Microsoft hails AutoML as “the process of automating the time-consuming, iterative tasks of machine learning model development. It allows data scientists, analysts, and developers to build ML models with high scale, efficiency, and productivity all while sustaining model quality.”⁴
Long story short, it lets data scientists of all skill levels build, deploy, and operationalize machine learning models at scale.
Click on “Start now.”
Click on “New Automated ML job.”
Click on “Create” and select “From local files” in the dropdown that appears.
Name your dataset and type in a short Description.
4. Provide training dataset
Click on the “Browse” button and select “Browse files” in the dropdown that appears.
Select the training set that you downloaded earlier from Github.
Confirm that the details of the file are correct and then click on the “Next” button.
It will take about a few seconds for your newly uploaded dataset to appear. Click on “Refresh” to see it on the list.
Once it appears on the list, select it by putting a blue and white check mark on the left of its name.
5. Create a new Azure compute cluster
Now we are back to the Automated ML job creation screen/panel.
Configure the job by typing in an experiment name and selecting your target variable. The target variable is the variable that you want to predict.
Select the compute type to use. If you don’t have one already, click on “New.”
Select the region for the compute cluster, select the cheapest VM, leave the rest of the defaults, and click on the “Next” button.
Type in a name for your compute cluster, change the maximum number of nodes to 2, leave the rest of the defaults, and click on “Create.”
Now, we’re back to the Automated ML job creation screen/panel again.
Confirm that the details are correct and then click on the “Next” button.
Now it’s time to provide the test set for validation.
Click on the dropdown as shown below and select “Provide a test data set.”
Click on “Create” and select “From local files” in the dropdown that appears.
Just like before, provide the details of the dataset and click “Next.”
6. Provide a test dataset
Click on the “Browse” button and select “Browse files” to begin the upload.
Select the test set.
Confirm that the file details are correct, and then, click “Next.”
Change any properties if it’s not already autodetected.
Make sure the dataset that you just uploaded is the selected test data set.
7. Train a time-series forecasting model
More than likely, creating the Automated ML job will take a while.
The job is finished once the status says “Completed.”
For this case, we received a warning about stopping early.
We’re going to ignore it for this case.
Now, click on the “Models” tab so we can see which model performed the best.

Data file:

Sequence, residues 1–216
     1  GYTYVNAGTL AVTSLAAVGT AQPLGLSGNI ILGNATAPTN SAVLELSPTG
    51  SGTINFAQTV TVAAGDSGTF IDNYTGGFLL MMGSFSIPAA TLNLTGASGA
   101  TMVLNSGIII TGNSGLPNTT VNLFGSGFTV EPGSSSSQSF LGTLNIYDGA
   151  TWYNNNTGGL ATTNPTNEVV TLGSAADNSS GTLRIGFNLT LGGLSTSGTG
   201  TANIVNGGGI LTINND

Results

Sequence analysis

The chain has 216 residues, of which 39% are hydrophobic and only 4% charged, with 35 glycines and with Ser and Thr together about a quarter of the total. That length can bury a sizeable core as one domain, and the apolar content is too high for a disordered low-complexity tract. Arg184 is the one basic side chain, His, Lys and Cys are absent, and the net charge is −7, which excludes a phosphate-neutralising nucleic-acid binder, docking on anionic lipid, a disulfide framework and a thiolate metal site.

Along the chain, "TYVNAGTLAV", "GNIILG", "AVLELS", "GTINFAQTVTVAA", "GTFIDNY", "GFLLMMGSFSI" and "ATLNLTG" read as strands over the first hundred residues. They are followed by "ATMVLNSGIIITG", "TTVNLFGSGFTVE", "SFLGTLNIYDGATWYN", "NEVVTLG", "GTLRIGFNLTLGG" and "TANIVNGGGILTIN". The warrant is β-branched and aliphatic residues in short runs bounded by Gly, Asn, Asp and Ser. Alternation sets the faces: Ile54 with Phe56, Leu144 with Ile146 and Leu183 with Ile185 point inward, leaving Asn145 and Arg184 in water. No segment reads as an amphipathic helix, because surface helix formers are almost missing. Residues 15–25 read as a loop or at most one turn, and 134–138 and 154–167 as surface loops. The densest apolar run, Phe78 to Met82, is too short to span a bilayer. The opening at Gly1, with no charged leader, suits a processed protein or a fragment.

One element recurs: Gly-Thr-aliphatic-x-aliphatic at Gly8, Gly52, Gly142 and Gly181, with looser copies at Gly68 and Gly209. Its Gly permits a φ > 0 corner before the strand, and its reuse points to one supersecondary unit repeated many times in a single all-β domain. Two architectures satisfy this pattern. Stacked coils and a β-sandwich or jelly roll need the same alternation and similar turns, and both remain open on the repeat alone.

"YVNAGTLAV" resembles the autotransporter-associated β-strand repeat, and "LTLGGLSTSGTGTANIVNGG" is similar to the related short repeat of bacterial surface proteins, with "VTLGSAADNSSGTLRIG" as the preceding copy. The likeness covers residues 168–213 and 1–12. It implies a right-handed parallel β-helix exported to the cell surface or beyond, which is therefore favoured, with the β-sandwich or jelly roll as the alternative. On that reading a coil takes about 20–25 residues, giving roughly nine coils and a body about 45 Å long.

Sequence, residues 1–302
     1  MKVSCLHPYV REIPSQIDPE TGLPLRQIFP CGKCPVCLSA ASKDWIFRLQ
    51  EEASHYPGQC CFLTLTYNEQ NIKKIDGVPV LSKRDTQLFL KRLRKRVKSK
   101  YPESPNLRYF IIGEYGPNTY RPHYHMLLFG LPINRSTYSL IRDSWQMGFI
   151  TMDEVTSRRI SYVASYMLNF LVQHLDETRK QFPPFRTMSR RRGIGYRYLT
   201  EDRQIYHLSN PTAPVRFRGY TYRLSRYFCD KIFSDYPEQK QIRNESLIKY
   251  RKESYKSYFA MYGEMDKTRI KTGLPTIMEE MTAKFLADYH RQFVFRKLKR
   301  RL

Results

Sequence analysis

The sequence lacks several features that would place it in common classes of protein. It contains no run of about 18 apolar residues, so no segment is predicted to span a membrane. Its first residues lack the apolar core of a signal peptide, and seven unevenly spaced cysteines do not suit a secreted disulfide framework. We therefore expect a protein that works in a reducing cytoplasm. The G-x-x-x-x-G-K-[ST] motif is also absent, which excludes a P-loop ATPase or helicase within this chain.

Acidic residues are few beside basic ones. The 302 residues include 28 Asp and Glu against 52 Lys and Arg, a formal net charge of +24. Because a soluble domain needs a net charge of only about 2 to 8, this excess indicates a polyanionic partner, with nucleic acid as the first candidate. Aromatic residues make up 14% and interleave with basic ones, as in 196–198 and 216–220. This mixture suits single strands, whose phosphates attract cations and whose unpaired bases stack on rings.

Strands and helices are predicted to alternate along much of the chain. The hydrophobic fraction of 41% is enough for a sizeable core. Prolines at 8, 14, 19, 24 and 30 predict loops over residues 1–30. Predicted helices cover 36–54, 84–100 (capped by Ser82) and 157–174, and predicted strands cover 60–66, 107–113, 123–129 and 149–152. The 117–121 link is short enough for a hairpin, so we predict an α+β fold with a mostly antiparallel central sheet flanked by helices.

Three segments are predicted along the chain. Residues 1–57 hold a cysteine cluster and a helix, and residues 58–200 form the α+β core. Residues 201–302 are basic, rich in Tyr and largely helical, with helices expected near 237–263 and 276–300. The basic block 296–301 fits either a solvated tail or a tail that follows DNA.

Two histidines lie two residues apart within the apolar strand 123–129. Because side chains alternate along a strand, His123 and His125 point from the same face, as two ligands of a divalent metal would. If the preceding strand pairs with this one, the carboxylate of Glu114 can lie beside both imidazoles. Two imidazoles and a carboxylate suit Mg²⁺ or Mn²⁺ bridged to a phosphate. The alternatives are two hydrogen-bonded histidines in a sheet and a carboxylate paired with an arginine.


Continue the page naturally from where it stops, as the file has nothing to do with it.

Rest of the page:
8. Deploy the best model to a web service
There will be a lot of algorithms that appear. We want to focus on the one where there’s a “View explanation” value in the Explained column.
Click on that algorithm’s name.
On the right of the “Deploy” menu, there’s a dropdown arrow. Click it.
Select “Deploy to web service.”
A panel will appear on the right. Type in a few details like endpoint name and description. For the compute type, select “Azure Container Instance.”
We should get a notification that the model deployment is successfully triggered.
Let’s check out the endpoints.
If you don’t see the sidebar on the left, just click on the hamburger icon (three horizontal lines) and click on “Endpoints.”
Click on the endpoint name and let’s see if it’s ready.
Be sure to wait a while until the deployment is completed. At times, the deployment state might show as “Failed” or “Unhealthy” but the only way to make sure what the real result is to wait until it shows in the notification that “Endpoint xxx deployment completed” as demonstrated in the screenshots below:
When the deployment state says “Healthy,” it means we’re ready to proceed.
Scroll down on the endpoint’s details tab and look for “REST endpoint.”
Take note of the web address. This is your service uri. You will need to consume the model using web requests. But for now, let’s just test the endpoint from the Azure Machine Learning Studio UI.
9. Test the web service
Navigate to the “Test” tab.
Change a few fields. These will your input data from which the model will use to make a prediction.
Click on the “Test” button.
We have successfully made a forecast.
That’s it for now.
In just a few minutes, we were able to train and deploy a time-series forecasting model just from the UI of Azure Machine Learning Studio. Imagine, what it can do, if we use the Python SDK!
Maybe in the next post.